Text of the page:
Still, Russian society does contain forces that could begin to question the current moderate policy, and much will depend on the direction the search for a new Russian identity will take. The ethnic self-consciousness of Russians became more noticeable as the imperial shell fell off after the Soviet Union broke up. Russian ethnic nationalism is not a well-organized force at the moment, yet it may rise quickly, especially if the spotlight of discussion falls on goals of nation-building. The term ‘nation’ traditionally has a strong ethnic, not civic, connotation in post-Soviet academia, public opinion, and politics. As it has often happened in European history, common culture may at some point be perceived as an ideal political boundary, which can become a springboard for demands to unite all Russians under one political roof.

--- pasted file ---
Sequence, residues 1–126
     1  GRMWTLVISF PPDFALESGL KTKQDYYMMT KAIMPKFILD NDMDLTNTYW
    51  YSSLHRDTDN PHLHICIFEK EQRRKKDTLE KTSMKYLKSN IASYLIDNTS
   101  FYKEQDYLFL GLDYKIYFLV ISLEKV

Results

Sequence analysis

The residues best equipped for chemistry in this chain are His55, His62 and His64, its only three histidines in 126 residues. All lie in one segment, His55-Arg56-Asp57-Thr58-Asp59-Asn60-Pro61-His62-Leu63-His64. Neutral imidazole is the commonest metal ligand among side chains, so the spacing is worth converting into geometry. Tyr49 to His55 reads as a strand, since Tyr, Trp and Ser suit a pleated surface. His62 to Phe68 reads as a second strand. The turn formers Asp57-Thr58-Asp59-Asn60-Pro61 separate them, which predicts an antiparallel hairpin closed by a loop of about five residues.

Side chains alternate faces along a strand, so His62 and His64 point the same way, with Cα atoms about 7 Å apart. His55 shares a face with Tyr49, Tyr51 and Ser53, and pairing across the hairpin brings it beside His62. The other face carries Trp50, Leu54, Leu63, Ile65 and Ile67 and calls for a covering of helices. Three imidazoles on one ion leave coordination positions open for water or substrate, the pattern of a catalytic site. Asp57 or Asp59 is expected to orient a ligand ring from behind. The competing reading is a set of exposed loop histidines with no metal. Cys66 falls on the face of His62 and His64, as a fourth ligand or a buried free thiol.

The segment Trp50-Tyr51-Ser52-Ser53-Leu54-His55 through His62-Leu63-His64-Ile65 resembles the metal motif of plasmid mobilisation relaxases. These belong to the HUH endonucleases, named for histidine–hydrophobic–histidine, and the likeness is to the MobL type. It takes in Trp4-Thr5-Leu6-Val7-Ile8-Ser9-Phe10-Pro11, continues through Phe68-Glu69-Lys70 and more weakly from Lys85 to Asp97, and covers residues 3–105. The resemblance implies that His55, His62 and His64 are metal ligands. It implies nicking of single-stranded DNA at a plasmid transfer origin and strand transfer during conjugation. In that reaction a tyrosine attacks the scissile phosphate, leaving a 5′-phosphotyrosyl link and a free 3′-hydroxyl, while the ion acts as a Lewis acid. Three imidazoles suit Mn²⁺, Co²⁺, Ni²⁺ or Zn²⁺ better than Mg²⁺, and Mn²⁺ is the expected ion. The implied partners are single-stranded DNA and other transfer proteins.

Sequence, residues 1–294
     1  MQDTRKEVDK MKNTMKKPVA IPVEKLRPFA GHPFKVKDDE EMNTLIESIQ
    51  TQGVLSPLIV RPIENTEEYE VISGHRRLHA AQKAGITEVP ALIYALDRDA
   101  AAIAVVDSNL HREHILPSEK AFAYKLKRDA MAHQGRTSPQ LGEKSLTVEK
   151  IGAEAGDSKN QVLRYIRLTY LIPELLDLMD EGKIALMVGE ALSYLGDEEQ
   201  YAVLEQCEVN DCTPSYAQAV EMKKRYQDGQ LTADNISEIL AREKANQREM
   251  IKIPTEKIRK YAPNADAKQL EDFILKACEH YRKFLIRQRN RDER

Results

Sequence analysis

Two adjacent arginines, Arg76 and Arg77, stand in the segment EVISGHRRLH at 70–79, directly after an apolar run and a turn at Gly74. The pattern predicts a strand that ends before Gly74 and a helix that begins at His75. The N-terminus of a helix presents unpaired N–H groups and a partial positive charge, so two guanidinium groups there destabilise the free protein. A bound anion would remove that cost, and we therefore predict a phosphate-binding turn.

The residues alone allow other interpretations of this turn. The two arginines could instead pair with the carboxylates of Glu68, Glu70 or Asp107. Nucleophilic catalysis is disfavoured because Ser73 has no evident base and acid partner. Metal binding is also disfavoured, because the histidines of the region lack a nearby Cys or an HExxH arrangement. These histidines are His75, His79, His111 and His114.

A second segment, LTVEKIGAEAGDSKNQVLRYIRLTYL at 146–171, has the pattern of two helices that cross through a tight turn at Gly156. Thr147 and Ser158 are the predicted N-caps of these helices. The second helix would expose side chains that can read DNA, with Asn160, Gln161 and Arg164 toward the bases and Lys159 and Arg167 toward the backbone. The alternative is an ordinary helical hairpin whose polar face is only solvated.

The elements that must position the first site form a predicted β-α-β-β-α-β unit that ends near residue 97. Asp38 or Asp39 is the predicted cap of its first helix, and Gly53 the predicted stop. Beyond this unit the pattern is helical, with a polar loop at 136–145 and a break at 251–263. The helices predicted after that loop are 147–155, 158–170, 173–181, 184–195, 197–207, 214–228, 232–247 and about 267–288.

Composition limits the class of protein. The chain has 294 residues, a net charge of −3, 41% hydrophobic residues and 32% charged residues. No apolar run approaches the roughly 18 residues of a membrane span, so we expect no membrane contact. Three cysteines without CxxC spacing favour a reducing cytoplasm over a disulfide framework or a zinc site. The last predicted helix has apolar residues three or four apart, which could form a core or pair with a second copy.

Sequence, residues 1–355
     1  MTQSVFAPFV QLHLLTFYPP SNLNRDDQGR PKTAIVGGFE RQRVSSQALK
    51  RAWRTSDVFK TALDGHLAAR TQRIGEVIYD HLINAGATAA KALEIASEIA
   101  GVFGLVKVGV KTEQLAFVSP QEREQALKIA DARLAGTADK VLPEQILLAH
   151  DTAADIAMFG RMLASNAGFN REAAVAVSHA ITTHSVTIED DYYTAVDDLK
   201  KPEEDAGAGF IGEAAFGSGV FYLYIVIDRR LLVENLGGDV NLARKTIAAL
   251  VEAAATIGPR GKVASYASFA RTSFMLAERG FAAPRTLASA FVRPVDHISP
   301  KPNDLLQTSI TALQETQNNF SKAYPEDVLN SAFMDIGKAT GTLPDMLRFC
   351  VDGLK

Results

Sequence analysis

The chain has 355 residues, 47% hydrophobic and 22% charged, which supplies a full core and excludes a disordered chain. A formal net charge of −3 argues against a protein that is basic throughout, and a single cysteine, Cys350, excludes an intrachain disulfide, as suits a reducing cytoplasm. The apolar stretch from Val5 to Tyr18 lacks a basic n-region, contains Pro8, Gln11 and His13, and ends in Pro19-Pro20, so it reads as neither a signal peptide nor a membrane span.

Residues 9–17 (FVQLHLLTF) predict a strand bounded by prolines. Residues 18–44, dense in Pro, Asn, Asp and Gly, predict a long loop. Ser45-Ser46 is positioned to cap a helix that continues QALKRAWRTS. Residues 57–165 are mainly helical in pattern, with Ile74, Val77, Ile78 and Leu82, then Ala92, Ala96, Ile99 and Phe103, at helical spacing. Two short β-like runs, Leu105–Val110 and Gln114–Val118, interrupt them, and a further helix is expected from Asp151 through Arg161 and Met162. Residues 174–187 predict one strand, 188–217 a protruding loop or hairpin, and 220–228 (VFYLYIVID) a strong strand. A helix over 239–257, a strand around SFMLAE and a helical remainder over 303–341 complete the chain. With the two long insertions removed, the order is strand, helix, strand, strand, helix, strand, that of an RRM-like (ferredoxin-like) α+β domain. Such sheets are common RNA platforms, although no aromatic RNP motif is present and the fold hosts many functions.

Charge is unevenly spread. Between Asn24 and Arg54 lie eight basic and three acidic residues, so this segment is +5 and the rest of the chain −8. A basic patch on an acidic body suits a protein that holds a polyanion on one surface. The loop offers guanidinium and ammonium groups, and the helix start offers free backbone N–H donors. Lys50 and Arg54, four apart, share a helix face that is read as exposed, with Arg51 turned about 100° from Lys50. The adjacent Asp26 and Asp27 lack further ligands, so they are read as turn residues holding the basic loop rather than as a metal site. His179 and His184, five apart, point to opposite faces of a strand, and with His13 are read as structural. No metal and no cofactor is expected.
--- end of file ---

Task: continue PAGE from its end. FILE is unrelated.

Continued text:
The redefinition of Russia in more specific ethnic terms, as has happened in all other Soviet successor states, may become the most dangerous undertaking in the entire history of Russia. Implementation of this project may bring about a revision of state borders and undermine the country’s internal integrity. Building nations on the debris of empires is usually the business of ethnic nationalists. All of the former Soviet republics have harbored ethno-political myths that depicted the state as the motherland of an indigenous ethnos. Such views grow out of traditions of historical romanticism, which suggest that humankind can be neatly divided into nations, and historically or ethnically predetermined nations have certain sacred rights.